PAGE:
Your SMS (Text Messaging) channel is just one part of your overall communication strategy and must be coordinated with your other channels. Mobile interaction does not stand alone; rather it leverages other forms of communication including print, email, and web. It is important to understand that SMS is not a guaranteed delivery channel and that critical messages should not use the SMS channel alone. SMS should be used as a redundant or additive service.

The first hurdle is to provide awareness of SMS service to users. Second is to provide education of how to gain access to the service. Third you need to explain to users what they can do with the service and how to use the service.

Your SMS project should include
- creating awareness of the offering (How is it being campaigned?)
- strong call to action that inspires users to use the offering (What's in it for them?)
- education of how to use the SMS channel (Adjunctive and Supportive materials)

The user needs to be provided the company short code to send messages to; this is typically through the web or a mailing. They may also need to be a registered website user if they can manage their SMS service from the web.

As Interaction designers, we need to follow the interaction design patterns present in a command line interface rather than a browser based interface. SMS is a “call and response” dialogue that restricts both dialog components to 160 characters or less. (Asian languages are only 70 chars)

The command line interface expects users to learn the short code and commands to be able to access features as well as the syntax the system is expecting. This creates an efficient interchange but not a highly intuitive one. To aid in this non-intuitive interaction, using patterns and standards will help create a consistent interaction that is more learnable and supportive to the user. Understanding that SMS’s key use error conditions are typographical errors and misspellings, will help you plan for ways to support the user as these conditions are encountered.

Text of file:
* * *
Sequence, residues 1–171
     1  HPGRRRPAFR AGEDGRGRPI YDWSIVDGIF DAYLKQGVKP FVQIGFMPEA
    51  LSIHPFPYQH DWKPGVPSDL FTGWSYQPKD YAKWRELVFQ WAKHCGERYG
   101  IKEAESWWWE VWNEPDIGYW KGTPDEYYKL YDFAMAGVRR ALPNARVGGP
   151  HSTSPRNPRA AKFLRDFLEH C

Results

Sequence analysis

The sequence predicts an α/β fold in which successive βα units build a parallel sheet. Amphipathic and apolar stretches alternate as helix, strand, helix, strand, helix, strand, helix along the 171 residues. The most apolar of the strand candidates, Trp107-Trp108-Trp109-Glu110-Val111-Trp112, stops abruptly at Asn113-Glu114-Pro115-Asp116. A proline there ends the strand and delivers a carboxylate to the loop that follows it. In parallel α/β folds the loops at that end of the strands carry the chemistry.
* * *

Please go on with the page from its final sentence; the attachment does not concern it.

I will be publishing a white-paper on this topic. Contact me if you would like a downloadable copy.

Wednesday, October 14, 2009

The Truth about Design

Who would have thought that I would be finding inspiration and a message I believe in at Xero, an Accounting Software Blog site?

Matt Vickers, designer/developer, blogs three ideas that I have found to be true as I have worked for and with companies over the last 20 years or so.

1) Applying skins, themes and visual treatments to software is not design.
Slapping lipstick on the pig only makes the pig more appealing at first glance, but it quickly turns to bacon grease when you try to use a poorly designed software application.

2) Inspiration is seen not heard.
People can't tell you what they need. You have to figure out how the current process forces them to compensate for bad software by watching what it takes for them to get their goals accomplished when using the product, software or technology.

3) User stories need to be engaging and tellable.
The scenarios you capture have to eloquently capture user needs and be detailed enough to know when or which of your design ideas will fulfill them.